Important as this support was, however, it amounted to little for more than a decade; until political realignment favoured the emergence of Buhari as the arrow head of opposition forces intent on seeing off the government in power. Hitherto antagonistic forces found common cause and purpose to jettison age-old rivalries to forge a united front. Without this political engineering, Buhari would not have had the privilege of the bridges that allowed him gate-crash into zones hitherto firmly shut in his face. The people, who, for once, decided to take their destiny into their own hands, must be saluted for being resolute this time around; so also an electoral umpire that bent over backwards to distance itself from the impunity of the past. You can now see that my Man of the Year 2015 is a pot of soup professionally superintended by a handful of expert chefs. Buhari, as he steps unto the podium to receive my Man of the Year 2015 Award, does so as the representative of the forces that coalesced into bringing him this far. Just like the late MKO Abiola was the symbol of June 12, so also is Muhammadu Buhari the symbol of the forces that not only chorused CHANGE but also ensured that they brought it to pass.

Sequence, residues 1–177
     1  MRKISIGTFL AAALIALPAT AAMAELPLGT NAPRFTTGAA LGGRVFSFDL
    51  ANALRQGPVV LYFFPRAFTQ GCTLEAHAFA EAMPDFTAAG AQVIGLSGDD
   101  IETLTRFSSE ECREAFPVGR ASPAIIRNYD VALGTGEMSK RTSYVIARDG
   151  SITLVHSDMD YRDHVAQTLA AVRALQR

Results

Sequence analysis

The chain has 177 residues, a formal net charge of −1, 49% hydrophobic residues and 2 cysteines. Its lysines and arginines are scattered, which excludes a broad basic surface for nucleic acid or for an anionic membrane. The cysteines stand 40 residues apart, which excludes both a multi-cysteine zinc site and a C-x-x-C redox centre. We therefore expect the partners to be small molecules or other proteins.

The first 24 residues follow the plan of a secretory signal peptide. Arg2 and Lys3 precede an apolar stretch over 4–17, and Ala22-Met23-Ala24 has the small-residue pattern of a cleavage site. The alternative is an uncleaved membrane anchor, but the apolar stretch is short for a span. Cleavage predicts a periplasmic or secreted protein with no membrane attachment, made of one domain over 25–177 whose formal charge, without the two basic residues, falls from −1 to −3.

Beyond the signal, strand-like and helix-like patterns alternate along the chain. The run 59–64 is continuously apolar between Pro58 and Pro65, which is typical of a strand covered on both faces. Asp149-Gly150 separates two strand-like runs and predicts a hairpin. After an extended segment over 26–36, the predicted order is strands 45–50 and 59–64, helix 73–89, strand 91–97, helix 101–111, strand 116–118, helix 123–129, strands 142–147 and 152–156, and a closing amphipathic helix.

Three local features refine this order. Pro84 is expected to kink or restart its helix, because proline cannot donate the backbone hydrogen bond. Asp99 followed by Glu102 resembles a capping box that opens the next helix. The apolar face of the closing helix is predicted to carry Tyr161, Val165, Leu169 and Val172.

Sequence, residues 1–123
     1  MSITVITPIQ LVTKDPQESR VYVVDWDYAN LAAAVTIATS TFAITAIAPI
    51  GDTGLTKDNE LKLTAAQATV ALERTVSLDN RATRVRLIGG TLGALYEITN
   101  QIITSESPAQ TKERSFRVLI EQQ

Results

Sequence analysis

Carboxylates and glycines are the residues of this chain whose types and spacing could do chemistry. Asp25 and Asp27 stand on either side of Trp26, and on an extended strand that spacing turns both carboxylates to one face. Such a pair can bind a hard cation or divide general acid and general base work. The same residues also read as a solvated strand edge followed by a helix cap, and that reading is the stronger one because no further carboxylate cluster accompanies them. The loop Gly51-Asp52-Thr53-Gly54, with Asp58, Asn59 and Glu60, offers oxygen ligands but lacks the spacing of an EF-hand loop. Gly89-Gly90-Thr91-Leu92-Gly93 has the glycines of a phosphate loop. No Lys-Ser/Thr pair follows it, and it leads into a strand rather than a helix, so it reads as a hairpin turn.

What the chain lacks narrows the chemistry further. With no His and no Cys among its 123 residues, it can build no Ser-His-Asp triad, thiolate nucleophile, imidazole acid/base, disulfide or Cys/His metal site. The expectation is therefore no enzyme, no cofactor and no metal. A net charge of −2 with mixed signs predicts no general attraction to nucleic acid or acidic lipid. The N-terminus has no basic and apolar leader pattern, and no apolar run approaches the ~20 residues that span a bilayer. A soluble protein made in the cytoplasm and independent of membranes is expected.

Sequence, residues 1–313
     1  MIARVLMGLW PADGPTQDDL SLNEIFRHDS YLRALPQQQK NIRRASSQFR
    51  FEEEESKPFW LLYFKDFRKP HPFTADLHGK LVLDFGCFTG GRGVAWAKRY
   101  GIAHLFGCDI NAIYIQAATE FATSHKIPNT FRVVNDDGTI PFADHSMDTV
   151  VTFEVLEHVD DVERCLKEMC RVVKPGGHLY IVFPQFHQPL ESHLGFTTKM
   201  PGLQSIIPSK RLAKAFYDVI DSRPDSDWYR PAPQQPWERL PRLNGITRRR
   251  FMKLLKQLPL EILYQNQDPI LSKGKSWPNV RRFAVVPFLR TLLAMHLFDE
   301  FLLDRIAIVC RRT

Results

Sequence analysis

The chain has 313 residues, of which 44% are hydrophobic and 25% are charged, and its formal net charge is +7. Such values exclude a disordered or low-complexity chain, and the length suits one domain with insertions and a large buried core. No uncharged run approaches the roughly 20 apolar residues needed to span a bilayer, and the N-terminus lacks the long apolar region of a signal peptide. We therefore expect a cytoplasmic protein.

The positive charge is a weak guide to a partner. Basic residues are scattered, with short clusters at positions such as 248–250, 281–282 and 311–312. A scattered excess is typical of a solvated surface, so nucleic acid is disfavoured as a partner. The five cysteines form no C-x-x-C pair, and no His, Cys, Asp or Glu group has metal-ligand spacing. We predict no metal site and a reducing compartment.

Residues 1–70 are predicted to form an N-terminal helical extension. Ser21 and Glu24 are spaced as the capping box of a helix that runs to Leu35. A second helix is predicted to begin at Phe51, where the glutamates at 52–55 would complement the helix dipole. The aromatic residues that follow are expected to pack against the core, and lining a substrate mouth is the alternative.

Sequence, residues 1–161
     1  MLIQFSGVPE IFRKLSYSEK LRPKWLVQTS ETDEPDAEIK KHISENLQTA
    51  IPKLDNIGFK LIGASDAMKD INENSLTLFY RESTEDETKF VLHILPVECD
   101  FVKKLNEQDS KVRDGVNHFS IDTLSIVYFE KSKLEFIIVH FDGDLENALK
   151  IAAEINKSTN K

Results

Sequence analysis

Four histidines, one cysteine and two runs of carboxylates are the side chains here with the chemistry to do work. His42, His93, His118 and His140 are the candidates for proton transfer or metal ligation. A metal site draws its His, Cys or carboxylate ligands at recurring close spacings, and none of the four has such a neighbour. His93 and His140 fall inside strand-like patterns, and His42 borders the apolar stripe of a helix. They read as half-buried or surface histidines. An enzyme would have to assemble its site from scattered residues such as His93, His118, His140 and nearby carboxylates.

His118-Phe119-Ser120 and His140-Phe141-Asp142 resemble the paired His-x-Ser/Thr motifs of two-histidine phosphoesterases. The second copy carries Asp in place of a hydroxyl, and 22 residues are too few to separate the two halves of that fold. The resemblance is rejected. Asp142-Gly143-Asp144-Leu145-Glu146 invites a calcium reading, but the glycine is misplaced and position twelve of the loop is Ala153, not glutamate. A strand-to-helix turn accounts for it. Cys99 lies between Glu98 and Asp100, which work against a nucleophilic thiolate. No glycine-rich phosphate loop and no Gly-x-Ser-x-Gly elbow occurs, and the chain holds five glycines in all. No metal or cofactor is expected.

If Buhari fails…